10 May 2020

Annotated Game #243: Battle in the center

This next first-round tournament game features a strategic and tactical battle over the center. Both my opponent and I make a number of key choices about how we fight for it in the opening and early middlegame, with some key points being:
  • The early choice of 3...Nc6 by Black can be solid, but it means the c-pawn will not be involved in the central fight.
  • 8. b3!? would have been an improvement for me, allowing recapture on c4 if necessary and maintaining influence over d5, as well as developing the dark-square bishop.
  • 9. c5! would have created a queenside and central bind in space. 
  • 10. d4 would have controlled e5 and reduced Black's counterplay, but at the time I valued more having an open long diagonal.
  • 11...Ne4 is the root of my opponent's difficulties for much of the game, as the knight looks good there but is too easily undermined, with the game becoming tactical after this.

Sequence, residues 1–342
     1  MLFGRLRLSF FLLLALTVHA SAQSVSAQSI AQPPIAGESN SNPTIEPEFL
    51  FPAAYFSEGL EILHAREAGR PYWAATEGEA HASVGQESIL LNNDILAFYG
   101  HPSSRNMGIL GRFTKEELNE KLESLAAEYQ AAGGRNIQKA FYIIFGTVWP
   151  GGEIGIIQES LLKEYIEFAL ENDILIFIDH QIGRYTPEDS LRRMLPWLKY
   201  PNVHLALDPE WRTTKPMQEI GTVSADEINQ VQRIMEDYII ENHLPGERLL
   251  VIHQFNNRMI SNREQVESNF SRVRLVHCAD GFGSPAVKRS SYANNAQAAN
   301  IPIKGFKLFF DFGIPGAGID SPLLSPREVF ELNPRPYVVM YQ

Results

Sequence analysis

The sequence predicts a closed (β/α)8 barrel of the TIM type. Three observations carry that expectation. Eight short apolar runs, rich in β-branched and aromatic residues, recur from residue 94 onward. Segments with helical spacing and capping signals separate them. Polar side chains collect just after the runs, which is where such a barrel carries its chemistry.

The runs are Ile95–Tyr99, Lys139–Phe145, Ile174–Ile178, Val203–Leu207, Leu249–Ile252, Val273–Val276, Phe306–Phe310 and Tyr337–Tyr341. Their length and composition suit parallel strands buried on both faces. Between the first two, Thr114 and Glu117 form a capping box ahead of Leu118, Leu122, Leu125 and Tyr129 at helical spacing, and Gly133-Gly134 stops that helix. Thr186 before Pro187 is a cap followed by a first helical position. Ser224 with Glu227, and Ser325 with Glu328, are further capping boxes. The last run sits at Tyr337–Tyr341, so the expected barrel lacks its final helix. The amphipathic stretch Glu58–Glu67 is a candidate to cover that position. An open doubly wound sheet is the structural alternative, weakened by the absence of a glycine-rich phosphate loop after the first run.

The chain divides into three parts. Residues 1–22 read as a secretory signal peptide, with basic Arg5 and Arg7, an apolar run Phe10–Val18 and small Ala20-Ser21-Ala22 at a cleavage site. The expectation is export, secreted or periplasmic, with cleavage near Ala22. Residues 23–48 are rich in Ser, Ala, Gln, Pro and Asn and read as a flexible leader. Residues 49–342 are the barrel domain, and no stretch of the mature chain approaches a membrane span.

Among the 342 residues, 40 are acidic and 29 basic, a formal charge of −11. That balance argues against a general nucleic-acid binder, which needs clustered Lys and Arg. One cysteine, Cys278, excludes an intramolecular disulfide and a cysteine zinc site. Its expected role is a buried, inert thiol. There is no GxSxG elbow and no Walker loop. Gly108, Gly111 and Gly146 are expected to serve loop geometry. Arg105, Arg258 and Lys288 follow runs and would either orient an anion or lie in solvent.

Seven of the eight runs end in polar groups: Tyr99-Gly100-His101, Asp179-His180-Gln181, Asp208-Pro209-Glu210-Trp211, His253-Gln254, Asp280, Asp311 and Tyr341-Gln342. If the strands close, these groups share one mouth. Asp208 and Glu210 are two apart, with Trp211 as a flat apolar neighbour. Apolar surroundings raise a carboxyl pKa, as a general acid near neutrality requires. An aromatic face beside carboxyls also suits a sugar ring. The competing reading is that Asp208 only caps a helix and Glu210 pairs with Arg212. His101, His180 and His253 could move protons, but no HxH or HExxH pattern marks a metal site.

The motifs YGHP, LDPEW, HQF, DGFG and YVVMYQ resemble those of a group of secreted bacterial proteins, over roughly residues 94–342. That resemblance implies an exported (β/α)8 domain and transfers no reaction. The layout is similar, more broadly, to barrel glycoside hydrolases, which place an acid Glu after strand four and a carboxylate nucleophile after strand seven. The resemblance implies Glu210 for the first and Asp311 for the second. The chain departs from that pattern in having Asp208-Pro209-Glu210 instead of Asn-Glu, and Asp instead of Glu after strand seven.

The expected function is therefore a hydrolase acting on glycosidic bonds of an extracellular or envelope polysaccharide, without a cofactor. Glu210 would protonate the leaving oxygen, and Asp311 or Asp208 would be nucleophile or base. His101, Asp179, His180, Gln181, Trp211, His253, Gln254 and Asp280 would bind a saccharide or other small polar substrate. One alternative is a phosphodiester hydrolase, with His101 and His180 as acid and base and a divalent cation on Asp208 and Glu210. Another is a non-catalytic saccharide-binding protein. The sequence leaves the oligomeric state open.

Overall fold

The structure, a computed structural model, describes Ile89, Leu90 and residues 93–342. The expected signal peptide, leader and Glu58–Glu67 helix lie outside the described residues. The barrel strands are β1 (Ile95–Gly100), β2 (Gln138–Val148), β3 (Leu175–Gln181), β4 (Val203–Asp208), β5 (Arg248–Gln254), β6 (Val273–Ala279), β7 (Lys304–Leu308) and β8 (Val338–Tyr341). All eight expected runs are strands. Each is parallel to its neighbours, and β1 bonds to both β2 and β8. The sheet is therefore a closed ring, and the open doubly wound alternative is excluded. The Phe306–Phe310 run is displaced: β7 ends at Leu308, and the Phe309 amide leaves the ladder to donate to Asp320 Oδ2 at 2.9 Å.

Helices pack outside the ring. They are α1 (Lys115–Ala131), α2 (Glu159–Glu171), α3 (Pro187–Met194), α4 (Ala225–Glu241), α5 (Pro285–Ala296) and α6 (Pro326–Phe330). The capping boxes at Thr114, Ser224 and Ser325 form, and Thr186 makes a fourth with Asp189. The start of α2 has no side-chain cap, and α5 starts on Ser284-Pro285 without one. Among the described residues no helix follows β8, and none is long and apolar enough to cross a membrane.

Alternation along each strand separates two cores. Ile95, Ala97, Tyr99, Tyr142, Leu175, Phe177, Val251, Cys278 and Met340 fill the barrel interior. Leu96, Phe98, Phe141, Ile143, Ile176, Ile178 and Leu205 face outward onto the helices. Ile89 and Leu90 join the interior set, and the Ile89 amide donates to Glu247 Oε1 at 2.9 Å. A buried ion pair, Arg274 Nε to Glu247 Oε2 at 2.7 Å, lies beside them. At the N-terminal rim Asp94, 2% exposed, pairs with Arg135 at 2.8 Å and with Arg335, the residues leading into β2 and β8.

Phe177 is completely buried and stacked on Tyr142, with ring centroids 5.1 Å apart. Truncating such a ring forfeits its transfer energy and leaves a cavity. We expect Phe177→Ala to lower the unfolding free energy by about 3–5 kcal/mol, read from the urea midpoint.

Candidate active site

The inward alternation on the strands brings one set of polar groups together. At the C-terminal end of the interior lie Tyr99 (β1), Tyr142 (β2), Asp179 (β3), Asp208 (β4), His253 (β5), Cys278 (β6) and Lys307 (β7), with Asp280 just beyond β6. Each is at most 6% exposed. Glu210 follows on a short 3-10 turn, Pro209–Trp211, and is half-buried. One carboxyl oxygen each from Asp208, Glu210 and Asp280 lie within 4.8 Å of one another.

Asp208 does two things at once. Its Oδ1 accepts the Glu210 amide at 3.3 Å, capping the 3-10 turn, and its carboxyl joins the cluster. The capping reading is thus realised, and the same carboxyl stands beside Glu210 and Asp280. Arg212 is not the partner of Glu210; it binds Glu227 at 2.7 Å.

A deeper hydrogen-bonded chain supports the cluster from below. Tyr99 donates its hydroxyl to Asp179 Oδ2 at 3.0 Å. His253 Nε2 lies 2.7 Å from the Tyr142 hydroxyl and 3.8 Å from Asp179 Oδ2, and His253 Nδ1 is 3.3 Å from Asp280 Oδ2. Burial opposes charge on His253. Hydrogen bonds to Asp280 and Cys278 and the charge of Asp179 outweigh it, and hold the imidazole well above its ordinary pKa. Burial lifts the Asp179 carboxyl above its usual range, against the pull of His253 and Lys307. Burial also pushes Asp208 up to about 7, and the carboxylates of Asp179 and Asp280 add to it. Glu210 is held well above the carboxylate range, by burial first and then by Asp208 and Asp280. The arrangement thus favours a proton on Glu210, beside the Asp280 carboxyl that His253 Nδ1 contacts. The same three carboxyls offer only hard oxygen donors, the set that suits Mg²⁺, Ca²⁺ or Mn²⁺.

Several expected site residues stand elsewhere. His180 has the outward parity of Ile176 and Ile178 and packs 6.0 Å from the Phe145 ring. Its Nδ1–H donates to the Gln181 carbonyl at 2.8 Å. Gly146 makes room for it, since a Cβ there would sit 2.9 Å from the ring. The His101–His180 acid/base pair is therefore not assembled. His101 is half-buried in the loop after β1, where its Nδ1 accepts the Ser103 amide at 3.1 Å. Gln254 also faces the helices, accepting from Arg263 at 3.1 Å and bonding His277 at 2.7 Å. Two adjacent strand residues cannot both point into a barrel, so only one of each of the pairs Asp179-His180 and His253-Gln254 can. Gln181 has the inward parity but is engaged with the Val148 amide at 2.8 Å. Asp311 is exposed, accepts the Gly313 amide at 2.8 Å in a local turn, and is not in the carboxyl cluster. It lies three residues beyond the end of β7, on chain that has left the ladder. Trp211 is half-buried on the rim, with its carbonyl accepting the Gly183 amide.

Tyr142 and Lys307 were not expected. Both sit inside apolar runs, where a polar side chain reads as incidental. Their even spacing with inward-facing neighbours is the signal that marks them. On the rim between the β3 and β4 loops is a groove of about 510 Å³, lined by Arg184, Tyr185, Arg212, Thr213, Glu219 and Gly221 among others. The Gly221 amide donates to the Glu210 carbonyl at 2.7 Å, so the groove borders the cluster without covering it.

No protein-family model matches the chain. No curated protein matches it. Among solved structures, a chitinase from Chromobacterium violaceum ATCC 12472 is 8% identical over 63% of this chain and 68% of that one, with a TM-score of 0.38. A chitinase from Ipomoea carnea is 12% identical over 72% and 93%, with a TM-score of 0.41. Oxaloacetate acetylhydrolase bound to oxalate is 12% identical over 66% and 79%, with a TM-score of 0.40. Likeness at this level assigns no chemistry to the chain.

[Event "?"] [Site "?"] [Date "????.??.??"] [Round "?"] [White "ChessAdmin"] [Black "Class D"] [Result "1-0"] [ECO "A17"] [Annotator "ChessAdmin/Komodo 13.2"] [PlyCount "75"] {A17: English Opening: 1...Nf6 with ...Bb4} 1. c4 Nf6 2. Nc3 e6 3. Nf3 Nc6 { normally Black plays ...d5 or ...Bb4 here, aiming respectively for a QGD or Nimzo-Indian type setup.} 4. e3 {White has a large number of options here, with d4 probably being the most straightforward.} Bb4 5. Qc2 {keeping with standard Nimzo-Indian type ideas, to recapture on c3 with the queen if needed.} O-O 6. Be2 Bxc3 7. Qxc3 $14 {the queen now has a great diagonal and is unopposed by the dark-square bishop.} d5 8. O-O {I figured I would castle eventually anyway, so did it here, but there are other ways to improve the position first.} (8. b3 $5 {would prepare to recapture on c4 with a pawn, helping control d5, and also open a path for the Bc1 development.}) 8... Qd6 ( 8... dxc4 9. Bxc4 $11) 9. a3 {a missed opportunity. I was concerned about restricting Black's knight, but can do that in a more aggressive manner.} (9. c5 Qe7 10. b4 $16 {Black's remaining bishop is now sealed off from the action and White can implement a bind on the queenside and/or center.}) 9... a5 { this restrains b2-b4, but there were more active options for Black.} (9... e5 $5) 10. b3 {sticking with flank play. I wanted to keep the long diagonal open for the bishop.} (10. d4 $5 $14 {would control e5.}) 10... e5 11. Bb2 Ne4 $6 { a one-move threat against the Qc3 which also puts the knight in a precarious position.} (11... Re8 {would proceed with developing the rook and reinforcing the center.}) 12. Qc2 $16 {a simple retreat that strongly threatens cxd5, undermining the Ne4.} Bf5 {perhaps hoping for some tactics involving the bishop (such as ...Ng3). It would have been best just to retreat with ...Nf6.} (12... f5 $2 {fails to} 13. cxd5 Ne7 (13... Qxd5 $4 14. Bc4) 14. Bxe5 Qd7 15. Qxc7 $18) 13. Bd3 {I spent a lot of time here evaluating the different possibilities, to try and figure out the best way to pressure the Ne4 and use the cxd5 idea that undermines it. I ended up playing the text move as it increased pressure on the b1-h7 diagonal against both e4 and the currently hanging Bg6. It also takes away tactical ideas for Black such as ...Ng3 in some variations, which would otherwise simultaneously attack the Qc2, temporarily protect f5 and attack the Rf1.} (13. d3 {would have been the best "safe" choice.} Nc5 14. cxd5 Qxd5 15. e4 Qxb3 16. Qxb3 Nxb3 17. exf5 Nxa1 18. Rxa1 $16 {material is roughly equal, but White's two bishops confer an advantage.}) (13. cxd5 {is the tactical choice, which I wasn't able to fully calculate.} Qxd5 (13... Ng3 14. d3 Nxe2+ (14... Nxf1 15. dxc6 Nxh2 16. Nxh2 Qxc6 17. Qxc6 bxc6 18. Bxe5 $18) 15. Qxe2 Ne7 16. Bxe5 Qg6 17. e4 Bh3 18. Bg3 $18) 14. Nh4 (14. d3 {goes into the other main variation}) 14... Ng3 15. Nxf5 Nxf5 16. Bd3 $18 {winning a pawn, with the two bishops and White queen running rampant.}) 13... Rfe8 $6 {this does nothing to address the tactical vulnerability of the Bf5/Ne4/d5 structure, so now I am able to find a solution. } ({Better is} 13... Bg6 $1 {and the bishop no longer hangs.}) 14. Nh4 $18 { Black now loses a pawn, but finds a way for the Ne4 to escape.} Bg6 $2 { right idea, just played a move too late.} (14... g6 15. f3 Nc5 16. Nxf5 gxf5 17. Bxf5 d4 18. Bxh7+ Kg7) 15. Nxg6 {this is good enough for a significant advantage, although again cxd5 is a better idea.} fxg6 $2 {this opens the a2-g8 diagonal and weakens the center.} 16. cxd5 {now I play the key tactical idea.} Nc5 {I admit that I didn't initially see the retreat when I began the sequence calculation on move 14, which was a blind spot in my visualization. Backwards moves like these are simply harder to spot, especially when it puts the piece concerned en prise. Although the Nc6 is still hanging - what I saw later - taking it by dxc6 would now expose the underprotected Bd3 to capture, which I missed.} 17. Bc4 {I took some extra time here as well. This move is winning, although not optimal.} (17. dxc6 {is not as good.} Nxd3 18. cxb7 Ra7 $16 19. Qc4+ Kh8 20. Bc3 $18 {here White is two pawns up, but I thought it simplified things too much.}) (17. Bb5 {wins more material, as the Nc6 is now pinned against the Re8.}) 17... Na7 {while this doesn't block one of the defenders of the e5 pawn and allows Black to think about playing ...b5, I can immediately challenge the other knight and pre-empt this idea.} (17... Ne7) 18. b4 axb4 $6 {opening the a-file does not help Black.} (18... Nd7 {immediately is better, although it loses a pawn.} 19. bxa5 Kh8 20. d4 $18) 19. axb4 Nd7 { although I'm only a pawn up, my two bishops are far better than Black's knights, with great diagonals that I can threaten to exploit. My pawn structure gives me a space advantage, and I have various targets to potentially go after, including the Na7, c7, and e5.} 20. Ra2 {the b4 pawn is tactically protected, so I decide to go with a simple plan of increasing pressure along the a-file against the Na7, since it has nowhere it can go without losing material.} Qb6 (20... Qxb4 $2 21. Ba3 Qb6 22. Rb1 Qf6 23. d6+ Kh8 24. dxc7 $18) 21. Rfa1 Kh8 {removing the king from the threat of d5-d6 with a discovered check.} 22. d4 e4 {my opponent makes the best choice in response, as exchanging on d4 would bring my dark-square bishop to life.} 23. Qb3 {without an immediately obvious best way to continue, I choose to generally strengthen my queen position. The b4 pawn is now protected and I have a battery on the a2-g8 diagonal, strengthening the bishop's effectiveness. This in fact proves decisive later on.} Rf8 {my opponent seeks counterplay against f2, with the evident idea of following up by ...Qf6.} 24. Bc3 {this move overprotects b4 and is designed to continue ratcheting the pressure up on the queenside, with the idea of following up by b4-b5 and playing the bishop to either b4 or a5.} Qf6 {an understandable bid for counterplay, including a trappy offer of the Na7. However, I now have a largely forcing continuation that leads to material loss for Black.} 25. d6 {this move wins, although in a more complicated way. I recognized that the pawn could be mobile and the sacrifice would open key lines.} (25. Be1 $5 {is the simplest path to victory, as by protecting f2 the Na7 now truly hangs.}) 25... cxd6 26. Be6 $6 {good enough, although the threat is still not enough to lose a piece for Black, given the continuing weakness on f2.} ({Avoid the trap} 26. Rxa7 $2 Qxf2+ 27. Kh1 Rxa7 $19) 26... Nb6 $2 (26... Rad8 $18 {defends for the time being, although Black is still losing.}) 27. d5 {the point of this move is that now Black can no longer maintain his queen on the f-file. With the threat to f2 gone, the Na7 is now truly hanging and Black must lose a piece. My opponent missed the discovered attack on his queen, having focused on saving the knight on d7.} Nb5 {this would have worked if there was no attack on the queen, as the Ra8 is also now sufficiently protected, but...} 28. Bxf6 Rxa2 29. Bxg7+ $1 {I figured I should buy the bishop's life as dearly as possible; this is known as a desperado tactic.} Kxg7 30. Rxa2 {the game is now effectively over.} Ra8 31. Rxa8 Nxa8 32. Qb2+ {leading to a forced mate. I didn't bother trying to calculate the absolute quickest path, which seemed like a waste of energy by that point.} Kh6 33. Qh8 Nb6 34. Bg8 Kg5 35. Qxh7 Nc4 36. h4+ Kf5 37. Qf7+ Ke5 38. Qe6# 1-0